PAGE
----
Exhaustive model search (expensive!). Normally the encoder estimates the best model to use and encodes once based on the estimate. With an exhaustive model search, the encoder will generate subframes for every order and use the smallest. If the max LPC order is high this can significantly increase the encode time but can shave off another 0.5%.
-A "function", --apodization="function" Window audio data with given the apodization function. The functions are: bartlett, bartlett_hann, blackman, blackman_harris_4term_92db, connes, flattop, gauss(STDDEV), hamming, hann, kaiser_bessel, nuttall, rectangle, triangle, tukey(P), welch.
For gauss(STDDEV), STDDEV is the standard deviation (0<STDDEV<=0.5).
For tukey(P), P specifies the fraction of the window that is tapered (0<=P<=1; P=0 corresponds to "rectangle" and P=1 corresponds to "hann").
More than one -A option (up to 32) may be used. Any function that is specified erroneously is silently dropped. The encoder chooses suitable defaults in the absence of any -A options; any -A option specified replaces the default(s).
When more than one function is specified, then for every subframe the encoder will try each of them separately and choose the window that results in the smallest compressed subframe. Multiple functions can greatly increase the encoding time.
-l #, --max-lpc-order=# Specifies the maximum LPC order. This number must be <= 32. For Subset streams, it must be <=12 if the sample rate is <=48kHz. If 0, the encoder will not attempt generic linear prediction, and use only fixed predictors. Using fixed predictors is faster but usually results in files being 5-10% larger.
-q #,
Specifies the precision of the quantized LP coefficients, in bits. The default is -q 0, which means let the encoder decide based on the signal. Unless you really know your input file it's best to leave this up to the encoder.
Do exhaustive LP coefficient quantization optimization. This option overrides any -q option. It is expensive and typically will only improve the compression a tiny fraction of a percent. -q has no effect when -l 0 is used.
-r [#,]#,
Set the [min,]max residual partition order. The min value defaults to 0 if unspecified.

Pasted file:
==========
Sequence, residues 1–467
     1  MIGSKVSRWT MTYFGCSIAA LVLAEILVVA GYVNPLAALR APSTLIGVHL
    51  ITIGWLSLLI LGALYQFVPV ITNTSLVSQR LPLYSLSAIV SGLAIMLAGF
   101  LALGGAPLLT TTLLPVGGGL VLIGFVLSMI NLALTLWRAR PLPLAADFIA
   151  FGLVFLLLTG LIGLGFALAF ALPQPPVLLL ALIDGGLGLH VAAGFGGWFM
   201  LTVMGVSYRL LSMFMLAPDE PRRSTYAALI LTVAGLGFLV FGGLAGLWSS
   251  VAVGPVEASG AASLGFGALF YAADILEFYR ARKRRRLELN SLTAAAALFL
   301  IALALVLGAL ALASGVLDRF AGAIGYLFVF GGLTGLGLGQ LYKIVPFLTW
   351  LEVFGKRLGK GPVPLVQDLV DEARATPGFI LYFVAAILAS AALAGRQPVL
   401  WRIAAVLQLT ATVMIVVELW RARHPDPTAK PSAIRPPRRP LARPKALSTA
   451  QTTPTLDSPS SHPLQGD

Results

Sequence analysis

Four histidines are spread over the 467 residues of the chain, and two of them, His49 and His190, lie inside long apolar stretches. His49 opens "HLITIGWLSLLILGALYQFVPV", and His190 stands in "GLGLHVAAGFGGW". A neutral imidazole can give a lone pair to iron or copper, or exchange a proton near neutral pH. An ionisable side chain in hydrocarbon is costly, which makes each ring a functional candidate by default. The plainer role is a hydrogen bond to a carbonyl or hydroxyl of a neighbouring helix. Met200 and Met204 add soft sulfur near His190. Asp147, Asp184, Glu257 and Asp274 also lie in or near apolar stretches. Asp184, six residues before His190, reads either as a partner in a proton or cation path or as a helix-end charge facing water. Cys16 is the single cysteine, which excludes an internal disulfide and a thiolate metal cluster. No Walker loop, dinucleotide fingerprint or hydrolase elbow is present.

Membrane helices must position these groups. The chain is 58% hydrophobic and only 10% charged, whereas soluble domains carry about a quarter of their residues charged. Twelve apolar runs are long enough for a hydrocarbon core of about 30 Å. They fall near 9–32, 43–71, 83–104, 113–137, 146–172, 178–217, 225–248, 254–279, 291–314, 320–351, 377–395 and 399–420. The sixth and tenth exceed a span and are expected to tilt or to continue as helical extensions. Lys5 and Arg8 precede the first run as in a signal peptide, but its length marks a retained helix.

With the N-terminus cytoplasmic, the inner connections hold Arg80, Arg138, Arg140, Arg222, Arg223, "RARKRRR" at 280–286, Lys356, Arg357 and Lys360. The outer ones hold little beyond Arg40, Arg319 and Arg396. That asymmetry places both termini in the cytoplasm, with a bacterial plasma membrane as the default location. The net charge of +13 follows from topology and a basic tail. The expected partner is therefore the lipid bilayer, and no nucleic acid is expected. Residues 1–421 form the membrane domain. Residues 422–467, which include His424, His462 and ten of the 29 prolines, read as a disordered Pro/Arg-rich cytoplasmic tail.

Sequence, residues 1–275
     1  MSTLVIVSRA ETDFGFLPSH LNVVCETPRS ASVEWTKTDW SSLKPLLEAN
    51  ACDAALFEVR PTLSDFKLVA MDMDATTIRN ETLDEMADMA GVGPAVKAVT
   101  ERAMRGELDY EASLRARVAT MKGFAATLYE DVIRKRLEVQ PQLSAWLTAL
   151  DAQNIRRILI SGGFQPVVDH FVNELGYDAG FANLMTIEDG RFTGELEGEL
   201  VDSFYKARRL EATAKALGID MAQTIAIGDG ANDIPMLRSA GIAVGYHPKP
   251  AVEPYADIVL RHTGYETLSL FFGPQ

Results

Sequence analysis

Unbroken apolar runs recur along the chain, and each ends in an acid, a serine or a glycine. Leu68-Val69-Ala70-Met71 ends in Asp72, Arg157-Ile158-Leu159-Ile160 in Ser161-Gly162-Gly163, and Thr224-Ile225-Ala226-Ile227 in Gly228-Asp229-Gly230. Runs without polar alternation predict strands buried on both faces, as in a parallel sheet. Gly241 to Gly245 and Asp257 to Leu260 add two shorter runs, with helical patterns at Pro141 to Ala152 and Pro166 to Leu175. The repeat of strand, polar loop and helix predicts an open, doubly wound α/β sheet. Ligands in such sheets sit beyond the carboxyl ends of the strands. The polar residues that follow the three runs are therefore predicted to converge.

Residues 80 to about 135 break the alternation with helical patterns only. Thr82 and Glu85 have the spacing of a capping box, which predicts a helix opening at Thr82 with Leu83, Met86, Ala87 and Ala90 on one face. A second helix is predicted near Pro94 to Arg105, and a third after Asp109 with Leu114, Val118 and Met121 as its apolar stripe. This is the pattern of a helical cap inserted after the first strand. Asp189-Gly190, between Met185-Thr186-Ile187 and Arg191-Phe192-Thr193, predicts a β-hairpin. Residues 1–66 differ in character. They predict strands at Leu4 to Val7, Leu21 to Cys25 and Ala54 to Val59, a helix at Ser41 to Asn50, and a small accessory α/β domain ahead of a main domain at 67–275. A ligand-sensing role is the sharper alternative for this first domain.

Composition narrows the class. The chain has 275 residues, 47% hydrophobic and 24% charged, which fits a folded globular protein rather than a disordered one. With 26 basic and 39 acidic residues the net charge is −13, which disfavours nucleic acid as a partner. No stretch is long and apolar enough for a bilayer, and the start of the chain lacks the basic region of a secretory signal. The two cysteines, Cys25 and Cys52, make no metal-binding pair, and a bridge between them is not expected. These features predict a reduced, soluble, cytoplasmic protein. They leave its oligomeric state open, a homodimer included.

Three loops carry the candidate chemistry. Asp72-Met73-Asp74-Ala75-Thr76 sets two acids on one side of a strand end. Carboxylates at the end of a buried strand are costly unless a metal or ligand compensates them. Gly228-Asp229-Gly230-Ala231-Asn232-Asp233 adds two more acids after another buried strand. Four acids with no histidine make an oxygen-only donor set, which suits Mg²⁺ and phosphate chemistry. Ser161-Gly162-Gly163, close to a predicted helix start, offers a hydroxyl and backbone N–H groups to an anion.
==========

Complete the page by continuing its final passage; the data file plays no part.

By default the encoder uses a single Rice parameter for the subframe's entire residual. With this option, the residual is iteratively partitioned into 2^min# .. 2^max# pieces, each with its own Rice parameter. Higher values of max# yield diminishing returns. The most bang for the buck is usually with -r 2,2 (more for higher block sizes). This usually shaves off about 1.5%. The technique tends to peak out about when blocksize/(2^n)=128. Use -r 0,16 to force the highest degree of optimization.

Format Options
--endian={big|little} Specify big-endian or little-endian byte order in the raw file.
--channels=# Specify the number of channels in the raw file.
--bps=# Specify the number of bits per sample in the raw file.
--sample-rate=# Specify the sample rate of the raw file.
--sign={signed|unsigned} Specify that the samples in the raw file are signed or unsigned (the default is signed).
--input-size=# Specify the size of the raw input in bytes. If you are encoding raw samples from stdin, you must set this option in order to be able to use --skip, --until, --cue-sheet, or other options that need to know the size of the input beforehand. If the size given is greater than what is found in the input stream, the encoder will complain about an unexpected end-of-file. If the size given is less, samples will be truncated.
--force-aiff-format Force the decoder to output AIFF format. This option is not needed if the output filename (as set by -o) ends with .aiff. Also, this option has no effect when encoding since input AIFF is auto-detected.
--force-raw-format Treat the input file (or output file if decoding) as a raw file, regardless of the extension.

Negative Options
--no-verify --no-warnings-as-errors
Can all be used to turn off a particular option.

Option Index